China’s economy to thrive in second half with virus under control
Illustration: Chen Xia/Global Times
While an overwhelming and growing majority of Americans say the US economy is headed in the wrong direction, crippled by soaring inflation and shrinking US consumer wallets, China’s economy is firing on all cylinders. now to offset the slowdown or bump in April and May’s numbers, as coronavirus shutdowns in Shanghai and parts of Beijing, Shenzhen and other megacities caused a major drop in economic activity.
June and the first half of this month showed that the world’s second largest economy is rebounding rapidly. In June, the Chinese juggernaut’s export machine showed its full force again, as outbound shipments rose 17.9% to $331 billion, the fastest pace of growth in the first six months with the easing of restrictions related to COVID-19. The purchasing power of Chinese consumers also rebounded from June, giving new impetus to the economy. The economy will prosper in the second half of 2022.
In order to achieve annual GDP growth of more than 5% in 2021, the Chinese central government has launched a package of monetary and fiscal stimulus measures, including tax exemptions and rebates, additional government bond sales premises and a reduction in prime lending benchmark rates. (RPL). In addition, the government has decided to free up the economy through a series of deregulation measures, while further opening the country’s financial markets to foreign capital.
China’s GDP grew 2.5% in the first half of 2022, the country’s statistics authority said on Friday. Achieving the 5.5% growth, preset at the National People’s Congress (NPC) in March, will not be easy, as the world faces myriad uncertainties, ranging from the unabated global spread of variants of coronavirus, to searing inflation and economic contraction in the United States and nearly every other major economy, as well as heightened geopolitical tensions and severely disrupted global supply lines of fuel, grain, fertilizer and semi- drivers.
However, China is blessed with a hard-won advantage – low inflation, thanks to the country’s abundant supply of agricultural products, vegetables, fruits, eggs and pork in particular. The massive supply of cheap labor has helped bolster the country’s giant manufacturing industry, which is able to keep the prices of many manufactured goods down.
In addition, China achieved a large external trade surplus – $97.94 billion in June alone – which largely dampened the yuan’s exchange rate with other major world currencies and helped contain inflation. interior. In contrast, the euro, British pound, Japanese yen and Indian rupee all plunged against the US dollar as the US Federal Reserve kicked off its monetary tightening cycle by sharply raising interest rates to contain inflation from 8.6% in May and from 9.1%. inflation in June.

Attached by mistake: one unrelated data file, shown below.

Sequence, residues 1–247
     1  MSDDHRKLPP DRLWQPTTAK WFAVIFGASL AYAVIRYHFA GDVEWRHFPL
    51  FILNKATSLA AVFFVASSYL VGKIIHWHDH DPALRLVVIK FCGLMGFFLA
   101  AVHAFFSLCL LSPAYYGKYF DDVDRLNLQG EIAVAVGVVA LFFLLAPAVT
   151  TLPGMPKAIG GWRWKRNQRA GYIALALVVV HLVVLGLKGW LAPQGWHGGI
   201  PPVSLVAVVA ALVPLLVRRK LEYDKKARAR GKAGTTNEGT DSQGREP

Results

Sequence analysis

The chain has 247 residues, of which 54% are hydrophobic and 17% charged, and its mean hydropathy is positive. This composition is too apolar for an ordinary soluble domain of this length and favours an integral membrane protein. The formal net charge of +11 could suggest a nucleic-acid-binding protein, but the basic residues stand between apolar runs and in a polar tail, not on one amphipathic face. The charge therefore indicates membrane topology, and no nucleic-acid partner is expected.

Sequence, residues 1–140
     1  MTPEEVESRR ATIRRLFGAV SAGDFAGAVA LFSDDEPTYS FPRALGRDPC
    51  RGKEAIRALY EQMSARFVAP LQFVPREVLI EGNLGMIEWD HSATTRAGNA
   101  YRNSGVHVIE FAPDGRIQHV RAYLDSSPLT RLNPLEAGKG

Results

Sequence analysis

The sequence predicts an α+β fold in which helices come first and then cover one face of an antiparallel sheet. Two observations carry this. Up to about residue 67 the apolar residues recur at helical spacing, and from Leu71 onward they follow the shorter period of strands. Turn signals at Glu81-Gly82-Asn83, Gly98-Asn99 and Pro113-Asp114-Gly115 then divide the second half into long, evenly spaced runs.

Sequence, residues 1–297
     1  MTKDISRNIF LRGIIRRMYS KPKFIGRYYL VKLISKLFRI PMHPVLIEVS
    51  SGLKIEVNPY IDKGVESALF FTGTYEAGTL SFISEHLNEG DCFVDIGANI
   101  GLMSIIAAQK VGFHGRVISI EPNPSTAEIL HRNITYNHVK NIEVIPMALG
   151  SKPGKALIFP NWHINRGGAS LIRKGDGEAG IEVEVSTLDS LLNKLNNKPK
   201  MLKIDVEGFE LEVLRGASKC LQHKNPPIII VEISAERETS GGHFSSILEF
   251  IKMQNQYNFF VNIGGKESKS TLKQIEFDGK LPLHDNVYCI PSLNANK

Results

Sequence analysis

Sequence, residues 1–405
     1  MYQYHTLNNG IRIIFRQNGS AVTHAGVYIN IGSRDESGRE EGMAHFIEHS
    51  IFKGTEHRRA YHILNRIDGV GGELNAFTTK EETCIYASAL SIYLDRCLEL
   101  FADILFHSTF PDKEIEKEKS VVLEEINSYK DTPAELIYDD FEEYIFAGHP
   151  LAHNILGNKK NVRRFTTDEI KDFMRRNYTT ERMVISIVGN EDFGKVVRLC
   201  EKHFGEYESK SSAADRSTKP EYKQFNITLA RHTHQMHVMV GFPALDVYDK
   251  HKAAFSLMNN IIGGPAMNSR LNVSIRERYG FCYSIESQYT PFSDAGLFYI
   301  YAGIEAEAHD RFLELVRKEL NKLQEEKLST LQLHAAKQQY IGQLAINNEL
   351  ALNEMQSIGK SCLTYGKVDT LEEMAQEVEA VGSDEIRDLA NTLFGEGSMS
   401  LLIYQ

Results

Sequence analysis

In the second half of 2022, China may continue to keep its monetary taps proportionately open to provide enough liquidity to support domestic investment and consumption growth. In times of global economic difficulties, this country has repeatedly resorted to heavy investment in improving infrastructure projects and upgrading manufacturing technology to help weather economic downturns, and miraculously, the country has always emerged from downturns in better shape, with increased industrial competitiveness and technological innovations between nations.
For example, thanks to Beijing’s persistent support for green technologies, the country has invested heavily in hydroelectric equipment, solar panels, wind turbines, nuclear reactors, and electric buses and cars. Today, Chinese production in these fields leads the world. In June, China exported 248,000 vehicles, up 30.5 percent from a year earlier, including about a fifth of electric vehicles, making the country a major producer and exporter of new energy vehicles.
Driven by a strong rebound in bank lending and further sales of government bonds, China’s credit jumped much more than expected in June to hit an all-time high. Overall funding, a broad measure of credit, hovered at 5.2 trillion yuan ($777 billion) in June, the People’s Bank of China said last week. It was the highest for any month in June in comparable data dating back to 2017 and topped the consensus estimate of 4.2 trillion yuan. Naturally, the end of the lockdown in Shanghai and other Chinese cities contributed to the increase in borrowing demand.
On the contrary, the other major world economies are currently forced to raise their interest rates by 50 to 75 basis points each to curb runaway inflation. Rising borrowing rates will inevitably stifle personal and business lending and lead to slower economic growth. The economies of the United States, Europe and Japan are generally estimated to contract or even shrink from the end of this year and into 2023.
In the face of “economic triple pressures” including uncertain demand, supply shocks and low expectations, China’s two-pronged development strategy of “internal and external circulation” will come to the fore. The strength of infrastructure investment and exports will again prove the strong resilience of the Chinese economy. Aided by the RCEP free trade agreement and the iconic Belt and Road Initiative, China and its close ASEAN partners could see GDP growth above 4% this year, giving the world a beacon of hope in this time of economic agony and political turmoil.
The author is an editor at the Global Times. [email protected]